BBB Seminar: Kathrine Skarstein
Long-lived plasma cells and their survival niches in Sjögren's syndrome
Section for Pathology, Department of Clinical Science, University of Bergen
Long-lived plasma cells survive in a protected microenvironment for years or even a lifetime and provide humoral memory by establishing persistent antibody titers. Long-lived autoreactive plasma cells are likewise protected in their survival niche and are resistant to immunosuppressive treatment. Their elimination remains a therapeutic challenge. Recent data indicate that long-lived plasma cells reside in a multicomponent plasma cell niche providing essential soluble and membrane-bound survival factors. Whereas the large majority of long-lived plasma cells are localized in the bone marrow, they are also found in lymphatic organs as well as in chronically inflamed tissues such as the synovium in rheumatoid arthritis and the salivary glands in Sjögren’s syndrome (SS). In studying the salivary glands of primary SS patients, niches rich in specific factors vital for survival of plasma cells were found. Presence of survival niches rich in the chemokine CXCL12 and interleukin IL-6 increased with severity of the SS disease. An association between accumulation of plasma cells and CXCL12 expressing high endothelial venules were also detected exclusively in the salivary gland tissue of the patients.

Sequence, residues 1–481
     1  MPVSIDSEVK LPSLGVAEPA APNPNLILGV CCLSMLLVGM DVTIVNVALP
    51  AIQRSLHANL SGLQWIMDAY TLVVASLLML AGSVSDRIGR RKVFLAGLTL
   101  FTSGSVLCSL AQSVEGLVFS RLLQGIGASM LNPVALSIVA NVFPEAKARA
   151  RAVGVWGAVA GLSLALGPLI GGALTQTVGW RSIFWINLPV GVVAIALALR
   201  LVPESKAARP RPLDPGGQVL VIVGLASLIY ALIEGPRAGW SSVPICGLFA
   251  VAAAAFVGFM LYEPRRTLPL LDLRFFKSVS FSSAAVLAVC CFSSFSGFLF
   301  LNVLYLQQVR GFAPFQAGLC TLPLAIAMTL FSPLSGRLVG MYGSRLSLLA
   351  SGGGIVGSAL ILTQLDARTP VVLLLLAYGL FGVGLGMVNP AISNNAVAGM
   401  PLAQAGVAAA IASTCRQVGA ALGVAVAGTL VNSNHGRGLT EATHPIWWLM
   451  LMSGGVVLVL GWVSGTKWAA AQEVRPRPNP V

Understanding the local factors necessary for plasma cell survival at the site of inflammation could result in discovery of more selective therapeutic options.
Host: Ellen Berggreen, Department of Biomedicine